Main electricity source in 2060?

donderdag 26 mei 2011

Electric cars

Usually I wouldn't blog about cars, because cars=pollution, right? Well that depends on the fuel. If a car runs on electricity, the co2-emissions are a lot lower than when a car is fueled by ordinary petrol. Though this depends heavily on how the electricity is generated. In some countries, more than half of all electricity is renewable (Norway, Austria). But in the Netherlands for instance, about 85% is fossil fuel (and a little nuclear). Still an electric car is better even if all electricity would be generated by fossil fuels. Especially when you drive the car in a city: this reduces air pollution in the streets, and they make less noise.

Oh and some electric cars look very good too, check this out:

This Tesla Model S is a good example of the progress that's being made in electric cars. The cost of this car is only half of its predecessor, the Tesla Roaster (price down from $90,000 to $50,000), while its capabilities are the same.

Electric cars seem to be have a quicker start than hydrogen cars. Also biofuel seems to become less popular recently, probably because of cases in Brazil where rainforest was destroyed in order for soya to be grown. It is unclear though what the main source of fuel of cars will be in 50 years from now. Biofuel, electricity, hydrogen, or still petrol?

vrijdag 20 mei 2011

Some statistics

Hi guys, back to inform you more about green energy.

Let's look at how we're progressing in implementing more green energy. Got most of this from wiki ;)

Which countries use the most solar power in Europe? Germany is on the lead here, mainly because of their guaranteed feed-in tariff, which is a government rule forcing energy companies to buy solar energy at normal electricity rates (the cost this is generally paid by consumers of electricity). Number of Watts per capita in 2009:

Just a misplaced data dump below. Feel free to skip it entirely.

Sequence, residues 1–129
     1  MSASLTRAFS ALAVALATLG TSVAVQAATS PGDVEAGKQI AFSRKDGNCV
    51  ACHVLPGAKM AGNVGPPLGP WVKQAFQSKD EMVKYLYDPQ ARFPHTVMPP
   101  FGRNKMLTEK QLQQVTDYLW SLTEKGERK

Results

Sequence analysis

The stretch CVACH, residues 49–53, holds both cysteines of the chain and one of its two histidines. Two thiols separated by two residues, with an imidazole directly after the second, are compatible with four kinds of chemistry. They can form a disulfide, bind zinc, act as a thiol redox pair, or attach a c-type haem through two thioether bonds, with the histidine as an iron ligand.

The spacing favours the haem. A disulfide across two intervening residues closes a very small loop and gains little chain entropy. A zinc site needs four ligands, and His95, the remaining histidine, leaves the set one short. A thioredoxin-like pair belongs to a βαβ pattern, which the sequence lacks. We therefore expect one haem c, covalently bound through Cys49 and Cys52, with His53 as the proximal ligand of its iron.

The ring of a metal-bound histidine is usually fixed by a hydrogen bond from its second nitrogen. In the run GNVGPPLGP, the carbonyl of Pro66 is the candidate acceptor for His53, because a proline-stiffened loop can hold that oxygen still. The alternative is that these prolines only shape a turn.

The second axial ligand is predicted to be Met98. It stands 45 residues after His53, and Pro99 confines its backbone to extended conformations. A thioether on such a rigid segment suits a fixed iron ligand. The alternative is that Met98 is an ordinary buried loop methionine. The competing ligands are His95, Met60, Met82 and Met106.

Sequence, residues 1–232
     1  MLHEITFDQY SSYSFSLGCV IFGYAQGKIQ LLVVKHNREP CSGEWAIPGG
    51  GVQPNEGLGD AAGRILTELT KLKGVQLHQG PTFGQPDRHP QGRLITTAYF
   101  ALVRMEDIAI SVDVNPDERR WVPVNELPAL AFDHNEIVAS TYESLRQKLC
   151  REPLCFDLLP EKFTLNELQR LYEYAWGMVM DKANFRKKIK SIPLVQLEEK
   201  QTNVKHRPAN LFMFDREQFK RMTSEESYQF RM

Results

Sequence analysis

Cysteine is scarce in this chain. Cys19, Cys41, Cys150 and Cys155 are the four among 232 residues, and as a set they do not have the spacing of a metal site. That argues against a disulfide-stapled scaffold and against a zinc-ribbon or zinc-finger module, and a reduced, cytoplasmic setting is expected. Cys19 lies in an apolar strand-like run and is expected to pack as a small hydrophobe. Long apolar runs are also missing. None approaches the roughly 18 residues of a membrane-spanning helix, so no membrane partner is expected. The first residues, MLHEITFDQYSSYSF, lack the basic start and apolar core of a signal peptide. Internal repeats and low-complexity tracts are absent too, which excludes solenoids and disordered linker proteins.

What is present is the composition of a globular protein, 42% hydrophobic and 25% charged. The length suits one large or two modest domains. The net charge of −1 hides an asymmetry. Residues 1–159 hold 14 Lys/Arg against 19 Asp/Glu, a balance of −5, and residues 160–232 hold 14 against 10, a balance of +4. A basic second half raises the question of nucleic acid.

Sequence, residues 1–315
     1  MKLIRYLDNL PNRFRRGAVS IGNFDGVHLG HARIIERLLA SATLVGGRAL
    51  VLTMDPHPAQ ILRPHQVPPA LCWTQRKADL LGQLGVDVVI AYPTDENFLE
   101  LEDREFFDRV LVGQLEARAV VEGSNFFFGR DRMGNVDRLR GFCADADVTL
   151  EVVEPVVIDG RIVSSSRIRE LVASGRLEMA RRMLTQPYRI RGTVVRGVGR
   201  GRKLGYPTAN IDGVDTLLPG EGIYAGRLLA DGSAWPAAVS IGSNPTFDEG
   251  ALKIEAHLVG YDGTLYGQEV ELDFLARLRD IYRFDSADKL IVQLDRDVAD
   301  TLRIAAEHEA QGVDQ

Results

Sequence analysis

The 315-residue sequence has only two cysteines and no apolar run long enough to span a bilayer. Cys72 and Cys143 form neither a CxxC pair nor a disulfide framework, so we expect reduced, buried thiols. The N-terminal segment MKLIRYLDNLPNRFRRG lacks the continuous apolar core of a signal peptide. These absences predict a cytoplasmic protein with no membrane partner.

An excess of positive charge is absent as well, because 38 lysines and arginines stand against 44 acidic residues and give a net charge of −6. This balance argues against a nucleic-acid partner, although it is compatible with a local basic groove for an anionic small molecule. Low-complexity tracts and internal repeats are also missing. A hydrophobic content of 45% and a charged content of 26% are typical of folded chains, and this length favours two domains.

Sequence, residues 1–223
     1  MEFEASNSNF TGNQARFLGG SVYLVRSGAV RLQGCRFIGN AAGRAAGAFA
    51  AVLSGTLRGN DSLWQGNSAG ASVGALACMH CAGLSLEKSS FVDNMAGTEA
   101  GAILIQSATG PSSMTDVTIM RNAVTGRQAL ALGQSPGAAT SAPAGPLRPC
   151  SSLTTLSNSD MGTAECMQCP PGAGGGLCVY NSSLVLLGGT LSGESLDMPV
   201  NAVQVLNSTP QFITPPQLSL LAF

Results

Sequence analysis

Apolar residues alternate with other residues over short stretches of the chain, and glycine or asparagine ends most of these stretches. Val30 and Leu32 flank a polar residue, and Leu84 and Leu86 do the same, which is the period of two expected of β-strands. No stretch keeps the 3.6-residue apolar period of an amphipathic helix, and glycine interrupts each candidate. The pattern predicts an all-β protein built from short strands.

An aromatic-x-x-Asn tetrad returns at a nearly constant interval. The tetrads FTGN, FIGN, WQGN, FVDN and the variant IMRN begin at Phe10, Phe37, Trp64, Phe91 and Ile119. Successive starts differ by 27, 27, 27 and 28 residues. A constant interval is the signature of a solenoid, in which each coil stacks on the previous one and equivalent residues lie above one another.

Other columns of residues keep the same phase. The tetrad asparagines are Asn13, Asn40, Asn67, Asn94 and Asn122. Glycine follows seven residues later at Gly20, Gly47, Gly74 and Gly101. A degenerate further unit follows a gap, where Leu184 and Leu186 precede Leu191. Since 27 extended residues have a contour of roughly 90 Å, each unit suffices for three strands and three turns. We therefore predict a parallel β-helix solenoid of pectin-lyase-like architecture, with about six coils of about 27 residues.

1. Germany - 120
2. Spain - 76
3. Luxembourg - 52
4. Czech Rep - 44
5. Belgium - 34
6. Italy - 17
All others are below 10 watts per capita, with low numbers in for instance the UK with 0.5 watts (no surprise there, little sunshine in England and Scotland, they had better focus on wind energy) and Sweden and Denmark with 0.8 watts.

Having not much to do, I made a piechart of wind power generated in Europe in 2010:

A country with most notably low wind power is Russia. They need to sell their gas and oil to Europe and probably don't like the rise of green energy (the more gas we use, the more money they make). In about 25 years from now, most gas and oil fields in Europe (mainly in UK, Norway and Netherlands) will be empty and we will need to import it all from Russia. Before that happens we really need to build way more windmills and solar panels than we do now (about 85% of all energy in the EU comes from fossil fuels) otherwise hundreds of billions of our euros will disappear into mr Putins and mr Ahmadinejad's wallets.